As for other schemes to tax the rich, Obama has of course called for the repeal of the Bush tax cuts for the wealthiest since the last campaign. But he had an opportunity to act on that. He had a supermajority in the Senate that would have allowed him in the first two years to extend all of the Bush tax cuts except the top ones and he chose not to do it. I think one of the reasons he chose not to do that during the recession is he was anxious that if they increased the top tax rate it might harm the economy. My guess is that that concern is gong to be equally valid this year.

OUTLOOK: What are the risks of a recession in the U.S. this year?

KH: I think the odds of recession in the second half of the year are roughly 50-50. If you remember what those University of Chicago professors found about uncertainty lopping 1.5 percent off growth last year and that we’re heading into a similar situation the second half of this year, then we could easily wind up in negative territory when you consider how many more issues are on the table this time.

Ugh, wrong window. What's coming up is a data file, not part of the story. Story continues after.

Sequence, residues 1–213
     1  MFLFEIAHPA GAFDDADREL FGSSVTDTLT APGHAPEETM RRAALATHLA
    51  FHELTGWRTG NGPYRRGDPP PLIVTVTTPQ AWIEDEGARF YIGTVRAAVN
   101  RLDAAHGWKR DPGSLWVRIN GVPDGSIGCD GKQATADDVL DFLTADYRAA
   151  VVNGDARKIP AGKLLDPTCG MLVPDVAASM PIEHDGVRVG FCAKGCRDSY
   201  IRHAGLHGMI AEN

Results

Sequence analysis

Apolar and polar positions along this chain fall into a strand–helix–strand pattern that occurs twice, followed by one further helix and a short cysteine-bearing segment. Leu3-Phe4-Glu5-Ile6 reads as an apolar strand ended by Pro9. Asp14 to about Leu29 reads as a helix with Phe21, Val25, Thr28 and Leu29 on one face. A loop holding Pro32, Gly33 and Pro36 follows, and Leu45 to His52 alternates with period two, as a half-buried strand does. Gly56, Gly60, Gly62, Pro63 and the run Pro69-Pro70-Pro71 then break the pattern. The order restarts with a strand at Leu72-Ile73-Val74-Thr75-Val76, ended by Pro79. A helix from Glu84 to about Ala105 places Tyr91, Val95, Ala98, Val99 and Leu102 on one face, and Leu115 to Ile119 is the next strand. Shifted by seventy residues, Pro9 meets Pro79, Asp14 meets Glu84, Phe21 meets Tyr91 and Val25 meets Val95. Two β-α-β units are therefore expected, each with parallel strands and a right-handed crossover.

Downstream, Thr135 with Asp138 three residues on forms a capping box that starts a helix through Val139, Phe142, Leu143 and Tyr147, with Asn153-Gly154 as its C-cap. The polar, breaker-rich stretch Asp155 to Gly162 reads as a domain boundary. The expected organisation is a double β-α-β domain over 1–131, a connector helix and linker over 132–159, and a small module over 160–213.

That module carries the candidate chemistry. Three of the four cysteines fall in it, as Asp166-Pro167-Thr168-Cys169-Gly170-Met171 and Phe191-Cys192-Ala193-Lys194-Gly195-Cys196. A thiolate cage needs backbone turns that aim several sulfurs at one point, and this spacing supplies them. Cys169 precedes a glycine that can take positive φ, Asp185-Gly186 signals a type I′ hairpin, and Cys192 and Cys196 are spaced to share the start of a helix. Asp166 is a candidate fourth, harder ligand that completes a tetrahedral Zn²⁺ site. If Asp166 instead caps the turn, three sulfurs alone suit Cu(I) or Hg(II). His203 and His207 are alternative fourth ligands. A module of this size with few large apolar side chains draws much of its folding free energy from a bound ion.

OUTLOOK: You once wrote that coming out of a financial crisis takes more time than a normal recession. Is that the cause of the slow growth or are the president’s policies to blame, as Republicans contend?

KH: It’s a bit of both. Fiscal policies have been very ill advised. But it’s not just President Obama. It goes back to President Bush himself who was also very Keynesian and pro-stimulus at the end. The recipe one needs to follow to produce a sustained recovery was just taken off the table by both presidents’ economic teams, and we’re paying the price right now.